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The parents' guide to what's in this TV show.
What parents need to know
Parents need to know that that the most notable aspect of this early-'90s cartoon is that it centers on a respectable hero who's appealing to both kids and parents. Adventure-loving kids (especially boys) will be drawn to Conan's physical strength and indomitable spirit, and parents will appreciate the fact that he's got a strong sense of right and wrong and looks beyond race and class divisions to seek out allies who share his values. What violence exists is mostly downplayed and, compared to modern action cartoons, is fairly tame. Primitive weapons like swords and whips are used mostly defensively, and injuries are rare. In the end, what will make an impression on kids is Conan’s determination to save his family and his willingness to risk his own safety to stand up for those under tyranny's thumb.
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What's the story?
CONAN THE ADVENTURER is a '90s-era action/adventure series set in the fictitious ancient land of Cimmeria that centers on a young warrior named Conan (voiced by Michael Donovan) and his efforts to defeat a powerful cult leader who has trapped his family in a spell of living stone. Armed only with a sword crafted from meteorite matter that has mystical powers, Conan faces his archenemy, Wrath-Amon (Scott McNeil), and his legion of Serpent Men, who are after the Star Metal themselves to set free their long-imprisoned god, Set. Conan is joined in his quest by his trusty horse, Thunder; his reluctant phoenix guide, Needle (Michael Beattie); and an assortment of allies he meets along the way.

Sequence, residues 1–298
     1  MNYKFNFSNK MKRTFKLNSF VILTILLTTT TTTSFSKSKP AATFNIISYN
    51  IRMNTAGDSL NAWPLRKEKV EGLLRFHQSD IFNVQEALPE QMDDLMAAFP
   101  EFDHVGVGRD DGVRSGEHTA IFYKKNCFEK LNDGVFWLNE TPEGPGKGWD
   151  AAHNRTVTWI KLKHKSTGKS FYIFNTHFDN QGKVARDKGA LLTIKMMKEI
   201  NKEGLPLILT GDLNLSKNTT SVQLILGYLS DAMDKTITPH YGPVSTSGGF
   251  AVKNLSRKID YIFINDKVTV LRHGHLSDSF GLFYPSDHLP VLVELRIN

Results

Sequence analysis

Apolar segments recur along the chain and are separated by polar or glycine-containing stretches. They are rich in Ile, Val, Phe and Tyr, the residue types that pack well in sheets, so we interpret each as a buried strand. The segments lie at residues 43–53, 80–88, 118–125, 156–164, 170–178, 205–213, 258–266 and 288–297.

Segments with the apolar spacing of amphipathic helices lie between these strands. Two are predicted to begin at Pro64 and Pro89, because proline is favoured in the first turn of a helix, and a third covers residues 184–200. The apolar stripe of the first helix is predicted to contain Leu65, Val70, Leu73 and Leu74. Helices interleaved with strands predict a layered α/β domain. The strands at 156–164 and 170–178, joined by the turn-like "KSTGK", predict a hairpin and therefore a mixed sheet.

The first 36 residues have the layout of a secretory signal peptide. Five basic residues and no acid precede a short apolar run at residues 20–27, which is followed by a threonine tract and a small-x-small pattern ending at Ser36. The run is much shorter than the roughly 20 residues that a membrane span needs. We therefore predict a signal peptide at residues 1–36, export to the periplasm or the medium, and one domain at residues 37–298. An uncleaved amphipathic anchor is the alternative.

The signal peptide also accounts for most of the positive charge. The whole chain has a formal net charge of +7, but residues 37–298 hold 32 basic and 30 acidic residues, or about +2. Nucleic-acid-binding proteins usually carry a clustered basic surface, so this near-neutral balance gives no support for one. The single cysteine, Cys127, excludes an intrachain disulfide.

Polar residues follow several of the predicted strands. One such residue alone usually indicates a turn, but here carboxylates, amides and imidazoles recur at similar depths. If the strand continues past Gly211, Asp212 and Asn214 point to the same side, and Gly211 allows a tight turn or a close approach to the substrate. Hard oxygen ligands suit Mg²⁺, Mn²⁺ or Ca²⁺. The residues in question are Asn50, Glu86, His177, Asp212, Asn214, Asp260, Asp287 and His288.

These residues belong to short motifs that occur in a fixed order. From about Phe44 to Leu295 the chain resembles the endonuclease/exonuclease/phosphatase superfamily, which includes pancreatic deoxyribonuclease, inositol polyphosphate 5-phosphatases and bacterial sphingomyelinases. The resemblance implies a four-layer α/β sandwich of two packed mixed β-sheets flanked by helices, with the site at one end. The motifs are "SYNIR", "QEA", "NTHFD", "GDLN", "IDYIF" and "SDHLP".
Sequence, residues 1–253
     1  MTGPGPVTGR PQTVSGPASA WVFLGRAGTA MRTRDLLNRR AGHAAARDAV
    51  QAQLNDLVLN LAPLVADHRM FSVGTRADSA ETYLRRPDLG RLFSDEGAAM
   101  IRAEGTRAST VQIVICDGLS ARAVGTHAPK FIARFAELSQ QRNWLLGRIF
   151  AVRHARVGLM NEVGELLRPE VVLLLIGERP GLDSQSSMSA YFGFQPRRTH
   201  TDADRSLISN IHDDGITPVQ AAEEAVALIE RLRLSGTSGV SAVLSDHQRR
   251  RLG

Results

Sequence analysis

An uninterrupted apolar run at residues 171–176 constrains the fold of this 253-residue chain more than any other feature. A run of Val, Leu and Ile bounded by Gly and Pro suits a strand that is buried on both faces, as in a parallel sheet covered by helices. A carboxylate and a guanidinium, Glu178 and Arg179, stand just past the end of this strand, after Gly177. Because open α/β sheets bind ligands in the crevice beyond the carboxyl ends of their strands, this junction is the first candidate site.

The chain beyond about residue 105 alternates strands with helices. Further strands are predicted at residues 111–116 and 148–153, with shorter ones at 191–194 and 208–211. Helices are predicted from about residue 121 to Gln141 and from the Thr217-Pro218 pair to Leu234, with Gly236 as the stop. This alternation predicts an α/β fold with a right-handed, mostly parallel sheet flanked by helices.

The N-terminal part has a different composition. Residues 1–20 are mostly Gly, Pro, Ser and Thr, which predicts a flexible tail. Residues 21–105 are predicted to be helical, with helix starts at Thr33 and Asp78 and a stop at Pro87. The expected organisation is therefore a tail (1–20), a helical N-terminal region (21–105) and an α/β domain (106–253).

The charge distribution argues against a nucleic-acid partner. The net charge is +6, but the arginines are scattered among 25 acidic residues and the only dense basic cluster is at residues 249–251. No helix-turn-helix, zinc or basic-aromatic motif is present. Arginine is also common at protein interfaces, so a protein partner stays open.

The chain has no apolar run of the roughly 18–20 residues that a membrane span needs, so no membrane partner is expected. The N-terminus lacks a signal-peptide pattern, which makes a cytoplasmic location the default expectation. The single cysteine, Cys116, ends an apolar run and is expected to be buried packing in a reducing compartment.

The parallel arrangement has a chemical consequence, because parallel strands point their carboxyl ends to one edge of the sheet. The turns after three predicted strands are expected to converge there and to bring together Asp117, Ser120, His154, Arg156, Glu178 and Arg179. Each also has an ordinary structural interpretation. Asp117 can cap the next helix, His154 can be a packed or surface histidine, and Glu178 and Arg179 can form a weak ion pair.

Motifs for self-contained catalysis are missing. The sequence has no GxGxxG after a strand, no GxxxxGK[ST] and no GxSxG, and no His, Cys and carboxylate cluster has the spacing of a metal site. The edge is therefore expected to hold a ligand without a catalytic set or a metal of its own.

Is it any good?
Much like He-Man before him, Conan's appeal lies in his strength of character, which draws like-minded allies to him and sends the message that nice guys can finish first. Though these qualities likely aren't what kids will notice, given the hero's physical strength and skills with a sword, rest assured that the show's messages about fairness, respect, and determination are bound to stick with viewers long after the story's end.
Of course it's tough to tell a quality tale of good vs. evil without some clashes between the warring parties, but even in this regard, the show goes the extra mile for kids' sake. Rather than celebrating battles of brute force, the fantasy-based story plays up the mystical nature of a powerful but mysterious substance that trumps every physical weapon, which translates to few visible injuries or deaths. Need another reason to like it? Because the storyline is progressive rather than beginning anew with each episode, it encourages kids' retention of major plot points from one viewing to the next.
Talk to your kids about ...
Families can talk about heroes. What qualities define a hero? Who are your heroes? Do you feel differently about heroes you know on a personal level and those you admire from afar?
Kids: How do you deal with adversity? What struggles have you had with peers or with authority figures? What gives you strength when you're facing a difficult situation?
In what ways does this series differ from more modern action series? How is the animation style different? Are the villains any more or less menacing in current shows? How do the shows' messages compare?
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